Part I: Gentrification in Detroit? Experts disagree
Cross-posted at the Michigan Messenger:
With Compuware, Quicken Loans and other businesses setting up in Detroit, the city’s downtown is experiencing what some would consider an economic renaissance. While these developments give the city much-needed economic activity, experts disagree as to whether these changes could have a negative impact on neighborhoods in the form of gentrification.
According to the American Heritage Dictionary, gentrification is “The restoration and upgrading of deteriorated urban property by middle-class or affluent people, often resulting in displacement of lower-income people.” Based on this definition, George Galster, Clarence B. Hilberry Professor of Urban Affairs at Wayne State University, claims that gentrification is not happening in Detroit. Galster told the Michigan Messenger: “The areas where you see higher income people moving in, such as the Woodward Corridor, Waterfront, Jefferson Village, or Woodward Place in Brush Park — those places have very few people living there, if anybody, so I don’t count that as gentrification. Now it may be that is some other kind of word, but it’s not gentrification.”
But Margaret Dewar, Professor of Urban and Regional Planning at the University of Michigan Ann Arbor, told the Michigan Messenger: “Gentrification is happening a little bit in the Midtown area, specifically in Woodbridge and the Cass Corridor near Wayne State.” The Woodbridge area in particular was previously home to the Jeffries Projects until it was replaced by Woodbridge Estates, where prices for townhomes are between $179,000 and $274,000.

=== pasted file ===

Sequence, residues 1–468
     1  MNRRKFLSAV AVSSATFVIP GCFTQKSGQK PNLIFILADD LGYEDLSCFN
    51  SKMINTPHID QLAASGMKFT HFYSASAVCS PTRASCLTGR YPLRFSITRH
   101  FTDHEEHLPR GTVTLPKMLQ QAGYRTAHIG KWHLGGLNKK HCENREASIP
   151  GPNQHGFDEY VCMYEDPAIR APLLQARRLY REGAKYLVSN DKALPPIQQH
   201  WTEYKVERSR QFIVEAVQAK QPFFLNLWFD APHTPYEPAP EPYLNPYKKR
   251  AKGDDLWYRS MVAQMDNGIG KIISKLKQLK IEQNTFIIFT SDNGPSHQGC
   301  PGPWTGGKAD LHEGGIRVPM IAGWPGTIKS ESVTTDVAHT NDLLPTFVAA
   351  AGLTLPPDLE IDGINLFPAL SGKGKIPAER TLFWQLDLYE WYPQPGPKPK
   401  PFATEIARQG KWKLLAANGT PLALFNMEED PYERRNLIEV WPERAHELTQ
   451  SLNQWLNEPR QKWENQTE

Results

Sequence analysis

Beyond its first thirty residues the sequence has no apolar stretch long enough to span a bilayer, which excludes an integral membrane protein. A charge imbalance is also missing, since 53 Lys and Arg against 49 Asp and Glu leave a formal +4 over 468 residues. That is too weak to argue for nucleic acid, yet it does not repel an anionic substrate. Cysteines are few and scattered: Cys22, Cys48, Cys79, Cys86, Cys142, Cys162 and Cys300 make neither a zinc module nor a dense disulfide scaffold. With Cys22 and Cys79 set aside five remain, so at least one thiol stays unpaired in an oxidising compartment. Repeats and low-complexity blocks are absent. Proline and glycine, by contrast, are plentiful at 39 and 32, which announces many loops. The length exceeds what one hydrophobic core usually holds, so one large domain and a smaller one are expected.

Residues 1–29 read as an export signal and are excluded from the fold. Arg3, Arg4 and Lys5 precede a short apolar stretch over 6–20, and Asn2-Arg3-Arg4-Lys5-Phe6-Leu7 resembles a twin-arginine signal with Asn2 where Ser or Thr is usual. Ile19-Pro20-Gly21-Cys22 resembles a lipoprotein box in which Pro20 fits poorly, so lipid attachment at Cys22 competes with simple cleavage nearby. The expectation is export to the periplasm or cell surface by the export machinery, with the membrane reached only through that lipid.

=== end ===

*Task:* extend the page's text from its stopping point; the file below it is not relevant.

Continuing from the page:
Dewar went on to describe that the signs that gentrification is happening include: “considerable increase in property values in an area where property values were not very high to begin with; a large number of apartments issued for rehab or substantial repair; and changing demographics of residents that have higher household incomes and tend to hold professional or managerial positions.”
Higher household incomes provide their own set of benefits, as Galster explains, “Gentrification is an economic boom to the city that it occurs in because the in-movers pay more taxes than the original population and they often bring with them stimulation for local businesses to develop. Industries can develop around these gentrified neighborhoods and that increases tax revenues for the city, increases job opportunities, and stimulates physical improvement of the area.”
The downside to gentrification is that low-income people are often forced by higher rents and property values to relocate and Galster describes that “The city is under no obligation to help re-house them or help pay for their moving costs so they can certainly lose big time in a gentrification process.”
As the downtown area continues to develop with more businesses and retail, the problems of gentrification will become more acute if the city is not vigilant in developing and enforcing policies to minimize the negative ramifications. In the second part of this series, I will investigate if and how gentrification has impacted the Woodbridge area and conclude with a piece detailing the city’s efforts to ensure that the negative aspects of gentrification are minimized.